Group wants CJN to approve live broadcast of court proceedings
The Citizens Advocacy for Social and Economic Rights (CASER) has renewed its call to the Chief Justice of Nigeria (CJN) to approve live broadcast of court proceedings in the country.
In a reminder to the CJN dated Oct. 20, the Executive Director of CASER, Mr. Frank Tietie, emphasised that live broadcast of court proceedings would enhance transparency of justice delivery in the country.
The News Agency of Nigeria (NAN) recalls that the Abuja-based rights group started the campaign in a letter to the CJN on Feb. 26.
Tietie said that the call was necessitated by rising public consciousness of ”the role of the courts in ensuring justice, public order and the stability of Nigeria.”
In the latest letter, he argued that the current allegation of corruption against some judges had underscored the need for court proceedings to be held in public.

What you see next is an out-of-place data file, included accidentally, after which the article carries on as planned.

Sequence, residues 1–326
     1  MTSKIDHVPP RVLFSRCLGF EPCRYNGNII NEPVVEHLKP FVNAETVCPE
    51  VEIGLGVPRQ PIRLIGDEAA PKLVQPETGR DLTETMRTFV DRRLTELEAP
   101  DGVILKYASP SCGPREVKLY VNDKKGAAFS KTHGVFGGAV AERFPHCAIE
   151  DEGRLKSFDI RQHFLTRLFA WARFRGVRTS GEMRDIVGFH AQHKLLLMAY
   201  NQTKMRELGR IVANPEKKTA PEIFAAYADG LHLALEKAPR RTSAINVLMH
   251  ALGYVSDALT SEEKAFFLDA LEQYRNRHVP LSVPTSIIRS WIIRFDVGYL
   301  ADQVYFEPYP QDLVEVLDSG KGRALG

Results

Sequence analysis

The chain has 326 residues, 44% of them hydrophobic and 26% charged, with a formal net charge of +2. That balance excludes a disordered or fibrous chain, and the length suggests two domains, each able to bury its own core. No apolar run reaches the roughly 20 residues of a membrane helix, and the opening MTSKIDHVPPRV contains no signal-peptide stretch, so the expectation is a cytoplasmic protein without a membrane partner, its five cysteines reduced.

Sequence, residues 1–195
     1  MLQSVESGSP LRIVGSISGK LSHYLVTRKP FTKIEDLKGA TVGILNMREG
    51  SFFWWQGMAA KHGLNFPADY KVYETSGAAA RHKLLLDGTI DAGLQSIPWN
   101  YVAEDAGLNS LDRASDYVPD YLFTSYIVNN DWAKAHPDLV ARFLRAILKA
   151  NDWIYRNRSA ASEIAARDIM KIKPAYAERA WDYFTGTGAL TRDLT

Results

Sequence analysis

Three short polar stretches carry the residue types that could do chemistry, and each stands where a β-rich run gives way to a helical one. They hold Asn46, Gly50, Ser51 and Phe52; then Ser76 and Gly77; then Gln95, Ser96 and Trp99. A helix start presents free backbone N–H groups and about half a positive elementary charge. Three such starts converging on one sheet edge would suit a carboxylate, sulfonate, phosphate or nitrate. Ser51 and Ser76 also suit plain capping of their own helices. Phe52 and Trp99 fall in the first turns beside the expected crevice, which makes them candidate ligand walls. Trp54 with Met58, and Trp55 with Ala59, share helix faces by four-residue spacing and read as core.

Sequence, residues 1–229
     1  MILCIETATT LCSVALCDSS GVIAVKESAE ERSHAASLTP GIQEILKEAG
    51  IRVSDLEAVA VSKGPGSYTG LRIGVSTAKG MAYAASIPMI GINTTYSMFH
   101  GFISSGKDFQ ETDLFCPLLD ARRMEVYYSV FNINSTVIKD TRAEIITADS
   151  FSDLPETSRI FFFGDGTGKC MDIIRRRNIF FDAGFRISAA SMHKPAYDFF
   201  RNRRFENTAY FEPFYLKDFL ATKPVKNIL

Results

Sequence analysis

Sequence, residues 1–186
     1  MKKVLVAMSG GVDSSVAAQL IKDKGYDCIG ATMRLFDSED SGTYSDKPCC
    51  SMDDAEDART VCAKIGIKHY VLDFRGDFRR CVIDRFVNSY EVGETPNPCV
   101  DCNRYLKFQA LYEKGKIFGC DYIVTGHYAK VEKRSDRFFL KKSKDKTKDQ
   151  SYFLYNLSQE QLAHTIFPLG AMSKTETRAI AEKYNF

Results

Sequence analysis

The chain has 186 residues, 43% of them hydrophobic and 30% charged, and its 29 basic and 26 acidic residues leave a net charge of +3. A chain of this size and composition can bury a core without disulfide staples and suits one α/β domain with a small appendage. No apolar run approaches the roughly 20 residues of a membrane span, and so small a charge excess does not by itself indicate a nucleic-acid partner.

Tietie hinged his campaign on Section 36 (3) and (4) of the Constitution which provides for public court hearing in both criminal and civil cases involving individuals and organisations.
He stated that “your Lordship, earlier in February 2016, CASER addressed a letter to you humbly requesting Your Lord to consider and approve live media broadcast of court proceedings.
“This is to expand wider access to court activities in pursuit of transparency and building public confidence in the judicial process so as to enhance democratic culture among Nigerians.
“CASER is convinced that live media broadcast of court proceedings will debunk corruption and help in sustaining the integrity of the judiciary in Nigeria.
“Live broadcast of court proceedings in Nigeria has its foundation in the constitutional provision of Section 36 (3) and (4).
“The section expressly provides, in general terms, that court proceedings in Nigeria shall be held in public.
“It is, therefore, the view of CASER that nothing can be more or less ‘public’ than live media broadcast of court proceedings.”
Tietie noted that neither the CJN nor other relevant authorities to whom the first letter was copied
had replied before the reminder.
He said that the group had resolved to seek judicial interpretation of Section 34 (3) and (4) on the matter, should the CJN refuse to accede to its request.